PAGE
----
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Canine influenza outbreak near epidemic in Chicago

Flu season may be ending for people, but a canine strain is making its way around the Chicago area.

The deadly outbreak of canine influenza has seen more than 1,000 cases of infected dogs in recent weeks. The infectious respiratory disease has reported at least five dogs dying from the infection.

In an interview with CBC, Dr. Jerry Klein, supervising veterinarian at the Chicago Veterinary Emergency Center said “It’s almost an epidemic. I’ve been here for 35 years, it’s probably the worst type of outbreak I’ve ever experienced.” Klein’s center has handled about 15 of the canine cases each day.

“We have had a few fatalities, so that’s why it’s exceedingly serious,” Klein said. “It causes pneumonia, in some cases, and some of these dogs have to be on oxygen and on ventilation.”

Although people cannot catch the flu from their pets, this flu is extremely contagious between dogs that come into close contact with one another.

Last week, the Cook Country Department of Animal and Rabies Control urged dog owners to avoid taking their dogs to public places like training activities, travel boarding houses and dog parks.

PetSmart, a boarding facility in Chicago, temporarily closed three of their locations after several dogs fell ill. The locations were being disinfected. PetSmart spokesman Andy Izquierdo says the company is reminding dog owners about the symptoms: runny nose, a fever and persistent cough.

“If they’ve been in a boarding facility, if they’ve been at a doggy day camp, or a dog park, that’s an area where this virus can be spread,” Izquierdo said. “Take a look at your dog, look for symptoms, keep them isolated if at all possible.”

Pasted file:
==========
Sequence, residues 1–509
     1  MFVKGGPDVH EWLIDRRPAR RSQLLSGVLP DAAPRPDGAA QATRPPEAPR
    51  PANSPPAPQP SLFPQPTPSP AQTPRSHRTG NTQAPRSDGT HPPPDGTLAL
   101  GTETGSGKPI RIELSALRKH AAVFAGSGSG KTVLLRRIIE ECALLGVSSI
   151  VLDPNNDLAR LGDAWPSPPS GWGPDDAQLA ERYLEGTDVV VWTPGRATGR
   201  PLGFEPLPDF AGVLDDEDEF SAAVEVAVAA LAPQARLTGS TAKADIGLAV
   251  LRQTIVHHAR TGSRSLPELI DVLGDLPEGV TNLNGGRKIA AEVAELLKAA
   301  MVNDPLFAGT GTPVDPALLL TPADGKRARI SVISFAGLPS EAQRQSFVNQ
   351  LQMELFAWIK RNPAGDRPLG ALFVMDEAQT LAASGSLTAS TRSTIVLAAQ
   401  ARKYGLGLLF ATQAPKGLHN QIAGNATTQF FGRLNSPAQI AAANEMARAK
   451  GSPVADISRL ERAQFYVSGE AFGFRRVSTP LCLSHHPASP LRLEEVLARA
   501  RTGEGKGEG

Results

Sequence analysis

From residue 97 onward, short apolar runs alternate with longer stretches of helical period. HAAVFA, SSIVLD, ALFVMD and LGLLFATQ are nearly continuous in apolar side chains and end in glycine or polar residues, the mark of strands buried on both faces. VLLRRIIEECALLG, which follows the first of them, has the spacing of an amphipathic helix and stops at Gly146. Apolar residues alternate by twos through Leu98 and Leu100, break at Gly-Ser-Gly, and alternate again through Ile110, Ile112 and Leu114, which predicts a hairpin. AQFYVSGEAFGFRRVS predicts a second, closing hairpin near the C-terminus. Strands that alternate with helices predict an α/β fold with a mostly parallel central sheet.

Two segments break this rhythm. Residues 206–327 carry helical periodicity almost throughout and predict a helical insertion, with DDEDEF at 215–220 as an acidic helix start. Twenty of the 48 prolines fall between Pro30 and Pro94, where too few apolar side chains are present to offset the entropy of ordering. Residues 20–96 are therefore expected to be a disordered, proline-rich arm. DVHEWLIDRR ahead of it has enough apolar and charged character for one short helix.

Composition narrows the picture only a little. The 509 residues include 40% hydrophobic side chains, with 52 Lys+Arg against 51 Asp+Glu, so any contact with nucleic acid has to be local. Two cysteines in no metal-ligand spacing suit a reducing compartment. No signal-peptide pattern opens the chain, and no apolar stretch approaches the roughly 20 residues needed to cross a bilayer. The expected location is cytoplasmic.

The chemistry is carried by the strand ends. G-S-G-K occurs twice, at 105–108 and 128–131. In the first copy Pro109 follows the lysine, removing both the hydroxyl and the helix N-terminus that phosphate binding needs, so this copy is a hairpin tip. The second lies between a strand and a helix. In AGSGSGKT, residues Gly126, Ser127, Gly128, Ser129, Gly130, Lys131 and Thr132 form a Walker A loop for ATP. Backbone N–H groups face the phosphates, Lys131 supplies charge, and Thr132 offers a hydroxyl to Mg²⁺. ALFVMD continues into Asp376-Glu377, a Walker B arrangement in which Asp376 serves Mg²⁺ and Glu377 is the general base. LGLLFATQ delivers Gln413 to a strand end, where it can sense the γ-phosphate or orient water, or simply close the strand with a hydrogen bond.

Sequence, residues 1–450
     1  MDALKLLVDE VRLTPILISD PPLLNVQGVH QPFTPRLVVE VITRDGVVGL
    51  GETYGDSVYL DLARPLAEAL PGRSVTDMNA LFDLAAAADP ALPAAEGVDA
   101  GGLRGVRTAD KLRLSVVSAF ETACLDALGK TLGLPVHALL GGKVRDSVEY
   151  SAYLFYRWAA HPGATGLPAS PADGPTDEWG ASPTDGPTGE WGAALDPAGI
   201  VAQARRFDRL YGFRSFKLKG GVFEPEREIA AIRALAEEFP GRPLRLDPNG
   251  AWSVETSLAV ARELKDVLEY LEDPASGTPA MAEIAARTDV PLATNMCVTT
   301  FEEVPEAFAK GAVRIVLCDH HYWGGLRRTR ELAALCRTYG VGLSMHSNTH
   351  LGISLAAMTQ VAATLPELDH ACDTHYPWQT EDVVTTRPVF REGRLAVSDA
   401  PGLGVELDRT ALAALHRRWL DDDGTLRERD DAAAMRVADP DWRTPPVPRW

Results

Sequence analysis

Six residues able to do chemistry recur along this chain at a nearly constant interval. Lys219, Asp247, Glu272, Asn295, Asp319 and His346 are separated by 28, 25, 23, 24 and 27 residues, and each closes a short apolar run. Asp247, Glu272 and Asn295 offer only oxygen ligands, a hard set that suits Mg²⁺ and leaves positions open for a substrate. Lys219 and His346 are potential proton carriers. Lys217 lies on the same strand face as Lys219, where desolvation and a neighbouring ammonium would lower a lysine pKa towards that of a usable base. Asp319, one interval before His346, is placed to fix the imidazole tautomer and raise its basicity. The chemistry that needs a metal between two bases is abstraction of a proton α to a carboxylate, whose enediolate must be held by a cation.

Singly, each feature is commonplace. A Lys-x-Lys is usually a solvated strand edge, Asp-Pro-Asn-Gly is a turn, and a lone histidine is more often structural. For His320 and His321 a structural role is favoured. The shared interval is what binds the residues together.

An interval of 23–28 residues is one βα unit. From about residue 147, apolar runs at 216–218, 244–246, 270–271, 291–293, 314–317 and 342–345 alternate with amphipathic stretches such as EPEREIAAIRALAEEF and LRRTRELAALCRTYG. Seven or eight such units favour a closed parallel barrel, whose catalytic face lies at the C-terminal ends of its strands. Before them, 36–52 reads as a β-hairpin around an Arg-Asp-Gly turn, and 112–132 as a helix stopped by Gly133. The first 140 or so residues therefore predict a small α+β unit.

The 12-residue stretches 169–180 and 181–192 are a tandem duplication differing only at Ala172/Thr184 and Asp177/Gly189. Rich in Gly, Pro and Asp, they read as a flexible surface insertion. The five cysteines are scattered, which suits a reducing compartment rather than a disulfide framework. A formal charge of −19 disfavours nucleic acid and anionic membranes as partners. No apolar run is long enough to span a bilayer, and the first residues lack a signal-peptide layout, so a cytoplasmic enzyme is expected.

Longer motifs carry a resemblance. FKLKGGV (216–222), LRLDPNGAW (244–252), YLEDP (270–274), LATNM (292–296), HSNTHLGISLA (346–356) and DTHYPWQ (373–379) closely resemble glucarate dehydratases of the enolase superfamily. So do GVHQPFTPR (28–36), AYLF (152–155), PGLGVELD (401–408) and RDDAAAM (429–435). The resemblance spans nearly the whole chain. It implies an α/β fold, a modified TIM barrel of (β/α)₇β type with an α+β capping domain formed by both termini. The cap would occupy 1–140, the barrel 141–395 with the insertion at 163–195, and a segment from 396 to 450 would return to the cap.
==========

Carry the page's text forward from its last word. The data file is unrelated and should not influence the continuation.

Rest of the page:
Other “doggy day care” facilities were also limiting their operations.

Dr. Judith Schwartz, the staff veterinarian at the Humane Society of New York, called the outbreak “very” concerning. Especially if it’s within a certain period of time,” “That’s very, very… that’s frightening.”

Schwartz says treating a dog with the flu can cost thousands of dollars if the animal requires hospitalization, but an annual vaccine, which are usually very effective, is about $100.

“It’s (a) concern for me not just because of the animals I see,” Schwartz said, “but we could have a dog in the waiting room saying hello to another dog in the waiting room, and they could be incubating — and no one would know it.”

The number of dog influenza cases are not tracked, however, since the condition was realized in 2004, 40 states have record of dog influenza outbreaks. The worst year was 2011 when 17 states reported infections.

Chicago animal control officials said the outbreak could last several more weeks.


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